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I don't understand my students

Prescript: This is a rant. You have been warned.

During the last six weeks – the hiatus between the end of the old and the start of the new academic year – I've been teaching mostly at an eikaiwa. This happens twice a year, during the university's winter and summer holiday, and it kills me. Why? Here's why.

Please note that all these conversations were with upper intermediate to advanced students, i.e. you can't blame their poor English skills.

Topic: Small talk at start of lesson
Female student: I was in New York for three weeks to study English.
Teacher: New York? Great! What was the highlight of your stay?
Student: I went to an outlet mall.
Teacher: You were in New York  and your highlight was an outlet mall?
Student: Yes, it was very good.
Teacher: o.0

Topic: The benefits and disadvantages of globalisation
Student: Globalisation isn't good for Japan.
Teacher: No? Why not?
Student: We can import food, of course, so that's good. We can buy cheaper food.
Teacher: There's more to globalisation than Big Macs. Anyway, cheap food? That depends. You can't buy cheap rice in Japan.
Student: ?
Teacher: Japan's import tariff on rice can be as high as 778%. That doesn't help the consumer.
Student: Oh, but imported rice is not safety. That's the disadvantage of imported food. It's not safety.
Teacher: Foreign food is dangerous?
Student: Yes.
Teacher: Japanese food is safe?
Student: Yes.
Teacher: So … what about the Snow Brand butter scandal of 2002, and the Fujiya scandal of 2007, and the rice scandal* of 2008, and the raw liver scandal of 2011, and the hotel menu scandal of 2013? What about Fukushima?
Student: o.0

Oh, dear hearts, you should never argue with a bluestocking book nerd info junkie teacher who used to be a journalist in darkest Africa. You can't win. I can shoot a real gun, too.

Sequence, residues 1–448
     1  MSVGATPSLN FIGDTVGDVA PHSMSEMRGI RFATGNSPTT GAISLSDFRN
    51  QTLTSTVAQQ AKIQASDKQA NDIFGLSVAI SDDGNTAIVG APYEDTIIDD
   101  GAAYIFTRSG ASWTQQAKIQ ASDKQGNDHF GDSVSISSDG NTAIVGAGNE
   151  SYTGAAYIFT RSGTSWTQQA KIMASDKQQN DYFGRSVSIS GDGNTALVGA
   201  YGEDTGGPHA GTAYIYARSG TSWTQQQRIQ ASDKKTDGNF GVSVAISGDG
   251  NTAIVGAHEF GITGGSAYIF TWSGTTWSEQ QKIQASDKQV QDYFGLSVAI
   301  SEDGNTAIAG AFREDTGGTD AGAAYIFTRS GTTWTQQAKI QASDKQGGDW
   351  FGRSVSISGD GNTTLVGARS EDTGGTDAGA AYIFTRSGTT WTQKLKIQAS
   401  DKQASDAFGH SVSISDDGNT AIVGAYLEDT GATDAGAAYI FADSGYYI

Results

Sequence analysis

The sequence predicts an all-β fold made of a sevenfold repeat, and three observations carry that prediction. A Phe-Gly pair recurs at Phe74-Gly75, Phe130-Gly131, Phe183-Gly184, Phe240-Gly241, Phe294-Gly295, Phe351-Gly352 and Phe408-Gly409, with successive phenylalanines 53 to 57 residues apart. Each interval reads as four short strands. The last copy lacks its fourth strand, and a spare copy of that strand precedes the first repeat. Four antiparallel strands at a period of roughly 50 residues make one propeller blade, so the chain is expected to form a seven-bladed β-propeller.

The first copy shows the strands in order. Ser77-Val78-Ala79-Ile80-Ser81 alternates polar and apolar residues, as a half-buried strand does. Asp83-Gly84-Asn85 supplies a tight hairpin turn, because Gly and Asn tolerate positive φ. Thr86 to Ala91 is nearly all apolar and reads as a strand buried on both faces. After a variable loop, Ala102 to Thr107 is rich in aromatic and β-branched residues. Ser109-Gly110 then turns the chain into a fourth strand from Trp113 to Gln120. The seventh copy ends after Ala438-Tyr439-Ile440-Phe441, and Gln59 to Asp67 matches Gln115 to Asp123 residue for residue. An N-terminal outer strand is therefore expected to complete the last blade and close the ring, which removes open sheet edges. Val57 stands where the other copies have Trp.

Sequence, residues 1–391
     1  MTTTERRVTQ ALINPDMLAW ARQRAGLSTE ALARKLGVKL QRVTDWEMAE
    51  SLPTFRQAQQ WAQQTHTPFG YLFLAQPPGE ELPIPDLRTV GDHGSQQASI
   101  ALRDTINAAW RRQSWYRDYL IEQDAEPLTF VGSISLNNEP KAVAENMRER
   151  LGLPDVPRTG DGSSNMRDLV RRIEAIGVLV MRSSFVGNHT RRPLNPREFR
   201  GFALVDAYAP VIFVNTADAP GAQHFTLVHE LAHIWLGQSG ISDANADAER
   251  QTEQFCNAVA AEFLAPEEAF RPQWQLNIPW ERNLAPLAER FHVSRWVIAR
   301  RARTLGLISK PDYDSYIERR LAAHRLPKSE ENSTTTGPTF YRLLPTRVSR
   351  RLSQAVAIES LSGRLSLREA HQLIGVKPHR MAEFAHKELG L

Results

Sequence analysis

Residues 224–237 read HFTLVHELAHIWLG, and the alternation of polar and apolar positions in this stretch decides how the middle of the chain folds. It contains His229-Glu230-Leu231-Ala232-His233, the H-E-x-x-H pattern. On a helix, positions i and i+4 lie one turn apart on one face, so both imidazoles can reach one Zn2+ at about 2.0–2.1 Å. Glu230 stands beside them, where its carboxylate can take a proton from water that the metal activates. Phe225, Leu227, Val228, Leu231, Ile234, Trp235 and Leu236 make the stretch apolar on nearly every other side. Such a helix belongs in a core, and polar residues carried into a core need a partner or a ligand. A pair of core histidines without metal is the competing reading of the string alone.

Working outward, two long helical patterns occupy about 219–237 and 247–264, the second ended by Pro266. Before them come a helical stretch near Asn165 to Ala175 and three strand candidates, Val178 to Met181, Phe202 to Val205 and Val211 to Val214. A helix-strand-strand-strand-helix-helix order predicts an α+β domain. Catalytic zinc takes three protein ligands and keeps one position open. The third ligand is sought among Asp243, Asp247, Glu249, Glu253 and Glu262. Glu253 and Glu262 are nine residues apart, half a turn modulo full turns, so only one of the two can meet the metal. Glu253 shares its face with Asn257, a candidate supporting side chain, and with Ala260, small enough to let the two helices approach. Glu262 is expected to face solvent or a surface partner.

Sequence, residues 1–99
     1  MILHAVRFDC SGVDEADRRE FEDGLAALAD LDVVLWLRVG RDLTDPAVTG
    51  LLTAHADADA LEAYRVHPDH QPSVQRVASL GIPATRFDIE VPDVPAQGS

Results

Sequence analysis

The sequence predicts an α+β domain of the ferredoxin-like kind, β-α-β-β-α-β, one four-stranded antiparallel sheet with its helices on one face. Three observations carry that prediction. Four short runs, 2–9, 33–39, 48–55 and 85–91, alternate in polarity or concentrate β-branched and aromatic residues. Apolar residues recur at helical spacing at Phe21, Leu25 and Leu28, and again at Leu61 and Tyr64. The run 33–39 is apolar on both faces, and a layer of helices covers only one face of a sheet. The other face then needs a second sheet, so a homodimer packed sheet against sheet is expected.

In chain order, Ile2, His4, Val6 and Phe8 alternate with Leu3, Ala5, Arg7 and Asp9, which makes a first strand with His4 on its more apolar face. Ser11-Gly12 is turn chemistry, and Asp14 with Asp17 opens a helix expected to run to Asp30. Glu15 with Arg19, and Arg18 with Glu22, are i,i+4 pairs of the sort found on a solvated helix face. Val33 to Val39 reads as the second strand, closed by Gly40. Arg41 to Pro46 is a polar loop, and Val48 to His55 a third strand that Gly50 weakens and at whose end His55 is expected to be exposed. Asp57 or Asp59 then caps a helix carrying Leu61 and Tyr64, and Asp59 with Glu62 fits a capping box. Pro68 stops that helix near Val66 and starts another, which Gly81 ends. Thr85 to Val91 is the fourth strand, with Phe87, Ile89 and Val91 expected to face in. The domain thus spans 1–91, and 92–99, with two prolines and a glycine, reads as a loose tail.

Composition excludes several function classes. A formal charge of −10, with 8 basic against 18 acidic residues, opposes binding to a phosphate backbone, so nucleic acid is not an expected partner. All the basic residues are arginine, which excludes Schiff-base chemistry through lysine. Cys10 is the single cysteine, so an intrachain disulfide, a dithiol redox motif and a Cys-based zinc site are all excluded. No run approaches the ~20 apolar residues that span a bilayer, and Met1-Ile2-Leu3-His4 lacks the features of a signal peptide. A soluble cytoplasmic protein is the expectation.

Topic: The 2020 Olympics
Student: It will be very good for Tōhoku.
Teacher (in her head): Think Zen thoughts, Ru, and don't say anything.
Student: It will be very good for Tokyo, too.
Teacher: Hmm. What about possible disadvantages?
Student: It won't be safety.
Teacher (in her head): Oh goddess here we go again.
Student: We will have many foreigners and that will be dangerous.
Teacher: Yup, right, we're all raging genocidal psychopaths.
Student: o.0

Topic: Crisis management. A big, extremely important multinational project has derailed for reasons beyond your control (e.g. political instability, global economy): it's behind schedule, over-budget, no possibility of catching up, demotivated staff worried about job security. What do you do?
Female student: I will take my team drinking.
Teacher: Heh?
Student: We will go to an izakaya. I will tell them ganbatte, kudasai. Then their team power (she meant team spirit) will improve.
Teacher: This isn't a Japanese team.
Student: Heh?
Teacher: It's a multinational company with headquarters in New York. Your team consists of mostly Americans and various other nationalities.
Student: We will drink together. I will tell them they will not lose their jobs.
Teacher: This is the USA. You get fired in the USA for not doing a decent job.
Student: They will work very hard. It will be OK.
Teacher (in her head): Screw this, I'm going to fantasize about British actors and their cheekbones. Amongst others.

Student: I am Japanese, so I like rice.
Teacher: I'm South African, so I like crime.
Student: o.0

Student: I am Japanese, so I speak Japanese.
Teacher: I'm from Africa, so I speak a Holistic Manipulative Multi-Modal Musical Mimetic Pre-Language also known as Hmmmmm.
Student: o.0

Student: I am Japanese, so I play baseball.
Teacher: I'm Afrikaans, so I grab men by their balls in a loose scrum.
Student: o.0
Teacher (in her head): Sod this, let's continue fantasizing.

* Imported, but the people who decided to sell the tainted rice, intended for use as fertilizer, to companies and schools were 100% pure Japanese.

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